Meanwhile, Simba Does a Thing:
Simba, a mischevious and gullible lion cub, is excited to take his father’s place as king. But when Mufassa does die, Simba runs away in guilt over inadvertently causing the stampede that killed his father. After years in hiding, Simba returns to the pride lands to save the lions from starvation under his uncle Scar’s poor management.
Simba returns and learns that Scar was actually the one who killed Mufassa. A battle ensues in which Scar is killed and Simba reigns as the new king of the pride lands.
later movies and TV series explore the further adventures of Simba and his children continuing to bring peace to the pride lands. The Lion King also has a very extensive prequel lineup in novels and other media examining the early days of Mufassa and his father.
Cross-examination of Evidence
A brief background on Kimba:
Kimba is an invention of famed manga artist Osamu Tezuka, creator of Astro Boy and considered to be the first true “Father of Manga”. He and Walt Disney actually have an interesting history together with Walt and Carl Barks’ “Donald Duck” and “Scrooge McDuck” comics inspiring Tezuka in his first endeavors and Walt meeting him and expressing admiration for Tezuka’s work at the 1964 worlds fair and a desire to “do something like Astro Boy”.
Kimba was invented as a comic character in 1950 targeted as an action series to early to mid-teenage boys and spawned several TV series with 131 episodes released and translated internationally before 1994 and two feature-length films made after in 1997 and 2009 respectively.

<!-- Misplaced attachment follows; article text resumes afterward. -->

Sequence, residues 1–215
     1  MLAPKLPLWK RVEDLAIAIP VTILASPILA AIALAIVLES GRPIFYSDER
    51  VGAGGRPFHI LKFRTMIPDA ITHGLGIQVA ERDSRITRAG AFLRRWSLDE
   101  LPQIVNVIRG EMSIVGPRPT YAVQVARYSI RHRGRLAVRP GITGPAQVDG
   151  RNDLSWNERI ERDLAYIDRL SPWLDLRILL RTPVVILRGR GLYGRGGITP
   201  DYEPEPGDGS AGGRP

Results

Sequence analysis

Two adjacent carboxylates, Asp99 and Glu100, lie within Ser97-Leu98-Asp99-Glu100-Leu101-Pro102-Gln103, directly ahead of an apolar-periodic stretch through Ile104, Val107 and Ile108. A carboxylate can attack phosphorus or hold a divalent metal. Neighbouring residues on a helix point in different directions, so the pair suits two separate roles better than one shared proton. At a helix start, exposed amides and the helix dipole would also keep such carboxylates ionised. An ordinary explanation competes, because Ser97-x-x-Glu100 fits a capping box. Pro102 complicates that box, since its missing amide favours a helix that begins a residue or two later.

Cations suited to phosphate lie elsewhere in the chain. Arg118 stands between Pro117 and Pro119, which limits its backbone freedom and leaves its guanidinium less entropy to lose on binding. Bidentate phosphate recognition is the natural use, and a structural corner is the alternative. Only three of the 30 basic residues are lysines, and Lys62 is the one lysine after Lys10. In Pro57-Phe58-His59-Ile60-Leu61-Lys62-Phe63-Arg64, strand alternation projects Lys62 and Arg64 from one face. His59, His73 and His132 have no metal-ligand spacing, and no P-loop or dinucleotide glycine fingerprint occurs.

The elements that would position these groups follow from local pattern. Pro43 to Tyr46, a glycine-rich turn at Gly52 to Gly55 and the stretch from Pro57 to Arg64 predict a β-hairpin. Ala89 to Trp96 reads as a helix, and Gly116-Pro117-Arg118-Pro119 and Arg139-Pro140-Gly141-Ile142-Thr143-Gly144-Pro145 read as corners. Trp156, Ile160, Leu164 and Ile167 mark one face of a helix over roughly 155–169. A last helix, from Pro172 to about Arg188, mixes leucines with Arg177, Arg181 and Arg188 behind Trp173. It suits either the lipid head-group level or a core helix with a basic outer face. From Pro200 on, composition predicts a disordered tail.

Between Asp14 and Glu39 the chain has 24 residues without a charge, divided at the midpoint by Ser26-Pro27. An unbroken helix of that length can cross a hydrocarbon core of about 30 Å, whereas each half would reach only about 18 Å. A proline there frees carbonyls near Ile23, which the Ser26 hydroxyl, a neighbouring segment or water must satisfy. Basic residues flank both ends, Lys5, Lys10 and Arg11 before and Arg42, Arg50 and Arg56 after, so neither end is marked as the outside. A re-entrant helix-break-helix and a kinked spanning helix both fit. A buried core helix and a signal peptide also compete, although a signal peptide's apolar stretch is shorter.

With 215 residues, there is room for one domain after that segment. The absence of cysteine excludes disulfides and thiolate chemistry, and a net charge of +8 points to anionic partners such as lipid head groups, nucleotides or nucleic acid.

The height of its fame was definitely in the mid-late 60’s and early ’70s. That means that a lot of people working on The Lion King would have been kids when Kimba was popular. Famously, Matthew Broderick said to several people that he was voicing Kimba The White Lion before he was corrected by Disney. So honestly the timing checks out as curious.
But from the start, there are very big differences. Kimba doesn’t have the same apprehension about being king that Simba has and humans play a big role in Kimba’s world while none will ever be seen in The Lion King (well, unless you count “Timon and Pumbaa” but if that’s a rip-off of anything it’s “Pinky and the Brain”).
Simba’s journey is a lot less hopeful than Kimba as well, spending his days in self-imposed exile while Kimba in a lot of ways is seen as a miracle arrival with the challenge of uniting the animals rather than strictly trying to rule.